Ignoring the overwhelming Democratic-voter opposition to the Afghanistan war threatens to cost Barack Obama the support of young people and anti-war voters who helped make him president. It could destroy any possibility of achieving his robust domestic agenda as well. President Obama needs an exit strategy instead of an escalation strategy.
The Peace Exchange Bulletin
Published by Tom Hayden, The Peace Exchange Bulletin is a reader-supported journal, critically following the Pentagon's Long War in Afghanistan, Pakistan, and Iraq, as well as the failed U.S. wars on drugs and gangs, and U.S. military responses to nationalism and poverty around the world.
I sat in the White House Cabinet room as the president and his advisers formulated their official plan to garner half of America's energy from solar and conservation by 2020. At the table were union officials pleased at a White House report that showed an enormous number of jobs would be created for welders, plumbers, sheet metal workers, electrical engineers, carpenters and architects. That meeting took place 30 years ago.
This video was shot on June 30, 2009, outside of the Los Angeles Courthouse, regarding the denial of bail for Alex Sanchez.
For more, please see also by Tom Hayden, "Alex Sanchez Denied Bail."
Now that Los Angeles Police Chief William Bratton has announced that he is leaving his job in October, the popular law enforcer has become practically untouchable. But for the future of policing in Los Angeles, an independent inquiry is needed into whether his departure involved a conflict of interest that has compromised the latest chapter of police reform.
The conference on Afghanistan with Ambassador Richard Holbrooke, sponsored by the Center for American Progress on August 12 turned into a disappointing press conference promoting the virtual nation-building plan being integrated into the US military operations in that country. It was an opportunity for CAP to begin distancing itself from the military occupation which has claimed 781 American lives thus far, and at this rate will cost one trillion dollars by the end of President Obama's first term.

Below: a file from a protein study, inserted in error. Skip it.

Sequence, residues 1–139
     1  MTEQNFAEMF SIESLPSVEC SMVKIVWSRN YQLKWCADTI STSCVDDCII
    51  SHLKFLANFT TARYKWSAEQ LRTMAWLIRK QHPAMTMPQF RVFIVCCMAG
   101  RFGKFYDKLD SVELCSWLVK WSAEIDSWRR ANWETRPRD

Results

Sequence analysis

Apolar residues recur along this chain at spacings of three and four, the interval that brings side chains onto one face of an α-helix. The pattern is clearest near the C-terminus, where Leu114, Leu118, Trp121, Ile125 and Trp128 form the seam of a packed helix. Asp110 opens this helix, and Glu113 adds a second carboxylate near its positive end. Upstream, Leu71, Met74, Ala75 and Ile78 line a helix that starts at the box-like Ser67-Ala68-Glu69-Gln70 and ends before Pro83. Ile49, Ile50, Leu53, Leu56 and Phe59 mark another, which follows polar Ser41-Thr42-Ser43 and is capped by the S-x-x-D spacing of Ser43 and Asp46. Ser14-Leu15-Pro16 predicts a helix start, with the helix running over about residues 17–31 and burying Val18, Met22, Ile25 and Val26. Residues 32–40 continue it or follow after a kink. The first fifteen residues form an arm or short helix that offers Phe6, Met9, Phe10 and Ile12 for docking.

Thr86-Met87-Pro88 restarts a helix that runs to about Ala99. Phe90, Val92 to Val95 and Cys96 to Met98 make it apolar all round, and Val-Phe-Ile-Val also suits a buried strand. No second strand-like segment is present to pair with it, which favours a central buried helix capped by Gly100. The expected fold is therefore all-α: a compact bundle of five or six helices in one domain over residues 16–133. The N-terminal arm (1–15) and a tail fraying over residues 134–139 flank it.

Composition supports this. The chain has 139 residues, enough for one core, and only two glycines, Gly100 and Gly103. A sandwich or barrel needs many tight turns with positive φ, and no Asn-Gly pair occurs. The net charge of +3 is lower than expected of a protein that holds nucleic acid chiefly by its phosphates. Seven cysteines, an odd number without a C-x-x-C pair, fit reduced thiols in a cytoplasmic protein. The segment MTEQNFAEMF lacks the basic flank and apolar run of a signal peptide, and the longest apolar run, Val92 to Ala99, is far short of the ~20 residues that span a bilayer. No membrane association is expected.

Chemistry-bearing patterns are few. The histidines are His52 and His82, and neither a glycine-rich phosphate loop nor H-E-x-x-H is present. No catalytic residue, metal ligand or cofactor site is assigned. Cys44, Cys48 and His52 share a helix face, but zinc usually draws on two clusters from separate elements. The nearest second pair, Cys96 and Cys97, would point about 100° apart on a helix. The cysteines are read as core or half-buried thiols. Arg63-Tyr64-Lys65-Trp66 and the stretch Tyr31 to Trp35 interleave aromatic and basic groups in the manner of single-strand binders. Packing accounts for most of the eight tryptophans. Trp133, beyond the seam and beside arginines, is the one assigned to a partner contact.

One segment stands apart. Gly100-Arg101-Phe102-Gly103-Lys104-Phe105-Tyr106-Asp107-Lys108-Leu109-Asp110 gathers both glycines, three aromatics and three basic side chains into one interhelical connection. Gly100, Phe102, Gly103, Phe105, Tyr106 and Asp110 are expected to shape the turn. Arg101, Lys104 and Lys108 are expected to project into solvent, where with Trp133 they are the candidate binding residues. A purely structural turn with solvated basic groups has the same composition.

The woman in the brown pantsuit looked flustered as she ordered pastries, pulling her young daughter by the hand, in the upscale San Salvador restaurant. Recognizing the two Salvadoran journalists I was sitting with, she began describing in rapid English her meeting with Hillary Clinton about women's issues the day before. She kept looking out the window, twice interrupting her Hillary vignette to note that her husband was waiting in the car, impatient. The little girl looked stranded on her mother's hand. Suddenly the husband rushed through the door, gesturing angrily that she should hurry up.
Progressives who have been silent on the escalating wars in Afghanistan and Pakistan have a new opportunity to change their stance now that the nearly $100 billion Congressional war supplemental (HR 2346) authorizes suppression of hundreds of torture photographs held by the Pentagon.
According to reliable intelligence sources in Washington, General Stanley McChrystal, slated to become the top American commander in Afghanistan, directed an entity known as the Terrorist Screen Center (TSC) in Iraq in 2003, which held Iraqi suspects in secret facilities in violation of the Geneva Conventions requirement that the Red Cross have access to all detainees.
All along there were two US wars in Iraq. There was the public war, in which the Pentagon tried to manipulate the mainstream media into being a "message amplifier," while some intrepid reporters and bloggers fought back. Then there was the secret war carried out by the Special Operations forces, whose existence was denied even by the Pentagon.